The purpose of this campaign was to create daily short videos providing an update of the current US evolution of the pandemic, as well as a final quick overview of the global situation. We came up with an automated video solution that pulls data from the Johns Hopkins open source data feed on a daily basis. The data is then integrated and displayed in a tailor-made video template, designed to communicate all the data we learned to constantly check, in a trustworthy and neutral tone of voice, that characterises the most reliable source of Covid-19 data.
Different data lead to different visual representations of the trend that the pandemic is taking.
The video also displays figures, maps, charts and areas. We always kept the same color scheme in order to enhance clarity (using a grey neutral tone for the tested). Thanks to the JHU inputs, we made sure to always display data from a perspective that could simultaneously cover temporal, geographical and other data comparisons (such as the positivity ratio or cumulated amounts). Motion design has been crucial to making these comparisons visually effective.
During the first weeks of the COVID—19 outbreak, the JHU interactive map has been one of the main reference points for media all over the world. Our goal was to keep it as a visual benchmark and to add a timelapse animation showcasing the evolution of the spread in the US territory for the past 14 days.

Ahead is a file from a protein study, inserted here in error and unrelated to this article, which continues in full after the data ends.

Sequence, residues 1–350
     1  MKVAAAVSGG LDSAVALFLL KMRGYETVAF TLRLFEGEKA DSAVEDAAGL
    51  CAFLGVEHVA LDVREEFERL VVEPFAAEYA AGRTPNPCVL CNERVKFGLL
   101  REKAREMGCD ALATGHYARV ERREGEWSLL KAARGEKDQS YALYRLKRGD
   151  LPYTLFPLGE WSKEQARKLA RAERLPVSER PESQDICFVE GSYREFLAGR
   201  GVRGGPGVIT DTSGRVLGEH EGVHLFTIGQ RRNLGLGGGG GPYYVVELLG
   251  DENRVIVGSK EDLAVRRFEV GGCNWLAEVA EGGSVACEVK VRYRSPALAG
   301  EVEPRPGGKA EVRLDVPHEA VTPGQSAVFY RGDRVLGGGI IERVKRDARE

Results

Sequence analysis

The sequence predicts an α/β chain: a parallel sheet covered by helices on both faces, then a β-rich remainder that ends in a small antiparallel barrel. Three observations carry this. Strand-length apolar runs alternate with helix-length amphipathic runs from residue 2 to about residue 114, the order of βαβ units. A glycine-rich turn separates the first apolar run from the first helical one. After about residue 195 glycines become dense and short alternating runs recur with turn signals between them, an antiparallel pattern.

Every morning at 7:00am in New York, Algo autonomously creates the daily video and uploads it straight on to the chosen output, on the Johns Hopkins Covid Resources website and on the JHU Twitter & Youtube channels, without any human intervention required. This way, the JHU team can focus on data quality and more important tasks at hand, leaving all the hustle of video production and distribution to the robot.
The videos have been very well received on Twitter where they’re being quoted to demand action to the local and federal governments (see examples here, here, or here) and have been featured on Politico and Time Magazine, which named the JHU resources a top invention of 2020.